On July 16th, the Third Circuit Court of Appeals ruled that pharmaceutical “pay-for-delay” settlements whereby cash is paid from a patent holding company to a generic manufacturer that agrees not to enter a market as prima facie evidence of an antitrust violation. The Third Circuit rejects the more lenient standard adopted by the other Circuit Courts. With the circuit courts split on the issue, the issue is now ripe for Supreme Court review.
The case, In re K-Dur Antitrust Litigation, involved Schering-Plough Corporation (“Schering”), the manufacturer of K-Dur 20, a brand-name sustained-release potassium chloride supplement, making two “reverse payment” settlements to generic manufacturers Upsher-Smith Laboratories (“Upsher”) and ESI Lederle (“ESI”).
Schering did not hold a patent for the potassium chloride salt because the compound is commonly known and not patentable. Instead, Schering held a patent for the controlled release coating. While the coating was under patent protection, Upsher and ESI sought approval from the FDA of generic versions of a potassium chloride supplement that each used a respectively different coating. To receive approval, both companies claimed that Schering’s patent would not
be infringed by their generic versions. Schering sued each for patent infringement. Each case, however, reached a settlement agreement whereby Schering would, among other things, pay the generic manufacturers to not produce the generic drug until Schering’s patent expired.
In the Second, Eleventh, and Federal Circuits, this type of agreement would be allowed. There, the courts would not subject this settlement to antitrust scrutiny unless: (1) the settlement exceeded the scope of the patent, or (2) the underlying patent infringement suits were objectively baseless. This test is commonly known as the “scope-of-the-patent test.” While, as the Second Circuit pointed out, this rule produces troubling results if the underlying patent is unsound or the infringement is unclear, that risk is counterbalanced by the judicial preference for settlement. That preference was important to all the Circuits that endorsed the “scope-of-the-patent test.”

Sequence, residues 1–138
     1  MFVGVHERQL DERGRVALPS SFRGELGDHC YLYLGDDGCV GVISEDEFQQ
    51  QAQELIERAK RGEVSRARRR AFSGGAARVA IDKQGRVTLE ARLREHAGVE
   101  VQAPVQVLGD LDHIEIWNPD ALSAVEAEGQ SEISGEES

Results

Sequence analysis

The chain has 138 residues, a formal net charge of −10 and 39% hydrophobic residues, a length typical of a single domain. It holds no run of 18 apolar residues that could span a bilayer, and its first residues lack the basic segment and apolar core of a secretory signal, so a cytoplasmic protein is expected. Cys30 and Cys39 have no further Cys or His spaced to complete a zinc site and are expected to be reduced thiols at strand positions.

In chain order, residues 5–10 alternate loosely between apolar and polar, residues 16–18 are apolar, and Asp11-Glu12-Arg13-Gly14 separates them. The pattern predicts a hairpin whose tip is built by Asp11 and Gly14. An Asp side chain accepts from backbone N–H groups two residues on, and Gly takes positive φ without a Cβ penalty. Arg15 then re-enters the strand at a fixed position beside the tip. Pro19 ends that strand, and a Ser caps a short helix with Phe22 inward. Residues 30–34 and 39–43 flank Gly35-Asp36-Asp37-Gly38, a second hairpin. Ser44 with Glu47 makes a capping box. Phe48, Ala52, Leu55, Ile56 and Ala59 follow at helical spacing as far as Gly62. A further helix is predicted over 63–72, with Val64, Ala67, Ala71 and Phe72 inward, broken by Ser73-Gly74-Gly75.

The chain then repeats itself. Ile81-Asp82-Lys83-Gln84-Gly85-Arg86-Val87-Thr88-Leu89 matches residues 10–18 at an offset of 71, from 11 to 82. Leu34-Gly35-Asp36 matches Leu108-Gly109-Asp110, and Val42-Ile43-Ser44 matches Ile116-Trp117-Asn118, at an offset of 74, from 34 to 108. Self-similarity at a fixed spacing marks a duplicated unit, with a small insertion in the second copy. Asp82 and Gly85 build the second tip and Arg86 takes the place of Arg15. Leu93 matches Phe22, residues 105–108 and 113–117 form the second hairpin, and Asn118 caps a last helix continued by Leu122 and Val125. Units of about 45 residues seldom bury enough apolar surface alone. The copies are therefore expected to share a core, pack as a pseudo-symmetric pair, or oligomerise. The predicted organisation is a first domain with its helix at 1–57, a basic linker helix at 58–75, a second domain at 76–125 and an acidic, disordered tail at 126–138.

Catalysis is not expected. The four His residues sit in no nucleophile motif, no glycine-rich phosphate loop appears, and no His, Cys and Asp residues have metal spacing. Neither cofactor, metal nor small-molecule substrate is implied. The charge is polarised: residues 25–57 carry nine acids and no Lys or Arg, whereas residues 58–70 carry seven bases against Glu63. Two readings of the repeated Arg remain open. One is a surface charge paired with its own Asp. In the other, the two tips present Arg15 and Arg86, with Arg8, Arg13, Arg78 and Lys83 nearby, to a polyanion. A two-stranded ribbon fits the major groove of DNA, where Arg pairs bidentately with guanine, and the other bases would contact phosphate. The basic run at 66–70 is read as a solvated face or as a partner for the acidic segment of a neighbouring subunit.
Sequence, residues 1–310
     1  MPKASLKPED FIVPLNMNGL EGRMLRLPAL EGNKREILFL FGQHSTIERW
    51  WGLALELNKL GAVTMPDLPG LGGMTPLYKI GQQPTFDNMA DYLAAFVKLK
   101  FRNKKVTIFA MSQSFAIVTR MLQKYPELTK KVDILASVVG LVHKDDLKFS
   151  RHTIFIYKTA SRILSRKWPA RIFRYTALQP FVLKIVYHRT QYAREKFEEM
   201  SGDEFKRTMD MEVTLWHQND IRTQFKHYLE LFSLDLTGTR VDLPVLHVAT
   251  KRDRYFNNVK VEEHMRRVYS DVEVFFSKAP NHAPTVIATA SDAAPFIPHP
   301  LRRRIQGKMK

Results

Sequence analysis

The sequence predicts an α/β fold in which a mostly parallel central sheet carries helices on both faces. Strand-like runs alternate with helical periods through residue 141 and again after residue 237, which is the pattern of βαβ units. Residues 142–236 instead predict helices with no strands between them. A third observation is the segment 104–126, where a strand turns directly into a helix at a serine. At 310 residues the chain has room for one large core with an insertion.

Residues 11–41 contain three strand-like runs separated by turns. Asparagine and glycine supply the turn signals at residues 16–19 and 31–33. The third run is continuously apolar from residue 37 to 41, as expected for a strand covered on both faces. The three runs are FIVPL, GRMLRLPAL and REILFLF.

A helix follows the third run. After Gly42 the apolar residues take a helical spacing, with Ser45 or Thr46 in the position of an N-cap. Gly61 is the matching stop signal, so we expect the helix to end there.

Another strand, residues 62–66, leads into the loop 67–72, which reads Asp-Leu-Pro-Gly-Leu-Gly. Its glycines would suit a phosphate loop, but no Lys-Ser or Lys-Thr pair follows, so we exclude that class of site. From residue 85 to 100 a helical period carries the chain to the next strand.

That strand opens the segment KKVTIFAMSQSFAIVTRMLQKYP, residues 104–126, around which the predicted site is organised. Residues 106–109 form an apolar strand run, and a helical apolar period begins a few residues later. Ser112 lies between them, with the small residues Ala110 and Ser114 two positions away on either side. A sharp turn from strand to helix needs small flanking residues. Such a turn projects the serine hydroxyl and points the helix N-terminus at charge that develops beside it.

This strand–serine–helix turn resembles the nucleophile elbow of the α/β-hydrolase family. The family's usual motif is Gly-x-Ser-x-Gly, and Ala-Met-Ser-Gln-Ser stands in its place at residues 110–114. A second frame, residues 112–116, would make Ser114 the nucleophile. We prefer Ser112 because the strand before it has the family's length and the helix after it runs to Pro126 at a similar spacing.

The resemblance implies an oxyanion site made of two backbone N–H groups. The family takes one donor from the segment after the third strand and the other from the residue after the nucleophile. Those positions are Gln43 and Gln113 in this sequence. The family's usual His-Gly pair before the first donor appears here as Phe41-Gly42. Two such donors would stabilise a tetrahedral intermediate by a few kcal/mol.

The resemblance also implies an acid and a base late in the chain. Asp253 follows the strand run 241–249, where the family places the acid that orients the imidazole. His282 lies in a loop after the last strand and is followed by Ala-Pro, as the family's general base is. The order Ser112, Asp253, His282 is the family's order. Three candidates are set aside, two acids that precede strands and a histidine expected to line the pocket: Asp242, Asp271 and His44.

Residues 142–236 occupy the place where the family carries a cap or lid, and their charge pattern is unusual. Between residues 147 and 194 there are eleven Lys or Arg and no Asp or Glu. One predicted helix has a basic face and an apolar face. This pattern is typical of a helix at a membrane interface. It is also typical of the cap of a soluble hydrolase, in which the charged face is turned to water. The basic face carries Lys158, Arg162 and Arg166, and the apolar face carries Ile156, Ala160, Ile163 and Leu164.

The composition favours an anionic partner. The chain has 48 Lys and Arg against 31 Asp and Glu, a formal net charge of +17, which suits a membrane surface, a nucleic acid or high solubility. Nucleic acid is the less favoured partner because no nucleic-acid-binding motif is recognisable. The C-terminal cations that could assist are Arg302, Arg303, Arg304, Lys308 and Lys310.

But Judge Sloviter, writing for a unanimous Third Circuit panel, rejected the “scope-of-the patent test.” She reasoned that the test: (1) assumes away “the question being litigated in the underlying patent suit,” by creating an “almost unrebuttable presumption of patent validity,” and (2) ignores Supreme Court precedent that encourages judicial testing of patent validity and admonishes “grant[ing] monopoly privileges to the holders of invalid patents.” Moreover, while there is a judicial preference for settlements, that preference “should not displace countervailing public policy objectives.” In this case, the Court noted that legislation expressed a clear preference for litigating patent challenges because they are “necessary to protect consumers from unjustified monopolies by brand drug manufacturers.”
As a result, the Third Circuit adopted a “quick look” rule of reason analysis to all “reverse payments between patent holders and would be generic competitors in the pharmaceutical industry.” In the Third Circuit, there is a rebuttable presumption of an unreasonable restraint of trade whenever a name brand patent holder makes a payment to a generic patent challenger in exchange for a delayed entry into the market. Showing either that the payment was for something other than delayed entry into the market, or that it “offers some pro-competitive benefit” may rebut that presumption. The Court stated that they were specifically following the approach outlined by the DC Circuit in Andrx Pharms., Inc. v. Biovail Corp. Int’l, 256 F.3d 799 (D.C. Cir. 2001).